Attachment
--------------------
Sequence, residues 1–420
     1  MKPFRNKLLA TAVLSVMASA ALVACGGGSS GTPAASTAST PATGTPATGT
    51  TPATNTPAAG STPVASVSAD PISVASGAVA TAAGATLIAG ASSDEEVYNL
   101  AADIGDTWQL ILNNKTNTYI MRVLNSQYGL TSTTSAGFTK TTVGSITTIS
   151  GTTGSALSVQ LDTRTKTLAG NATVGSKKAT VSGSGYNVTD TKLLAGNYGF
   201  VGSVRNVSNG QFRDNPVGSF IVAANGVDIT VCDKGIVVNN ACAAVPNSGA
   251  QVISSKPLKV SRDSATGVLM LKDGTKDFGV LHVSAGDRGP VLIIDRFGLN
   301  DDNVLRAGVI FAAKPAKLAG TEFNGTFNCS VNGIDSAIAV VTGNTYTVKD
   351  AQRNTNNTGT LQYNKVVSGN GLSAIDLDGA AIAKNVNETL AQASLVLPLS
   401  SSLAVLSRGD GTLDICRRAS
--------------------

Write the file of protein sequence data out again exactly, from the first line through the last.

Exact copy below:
Sequence, residues 1–420
     1  MKPFRNKLLA TAVLSVMASA ALVACGGGSS GTPAASTAST PATGTPATGT
    51  TPATNTPAAG STPVASVSAD PISVASGAVA TAAGATLIAG ASSDEEVYNL
   101  AADIGDTWQL ILNNKTNTYI MRVLNSQYGL TSTTSAGFTK TTVGSITTIS
   151  GTTGSALSVQ LDTRTKTLAG NATVGSKKAT VSGSGYNVTD TKLLAGNYGF
   201  VGSVRNVSNG QFRDNPVGSF IVAANGVDIT VCDKGIVVNN ACAAVPNSGA
   251  QVISSKPLKV SRDSATGVLM LKDGTKDFGV LHVSAGDRGP VLIIDRFGLN
   301  DDNVLRAGVI FAAKPAKLAG TEFNGTFNCS VNGIDSAIAV VTGNTYTVKD
   351  AQRNTNNTGT LQYNKVVSGN GLSAIDLDGA AIAKNVNETL AQASLVLPLS
   401  SSLAVLSRGD GTLDICRRAS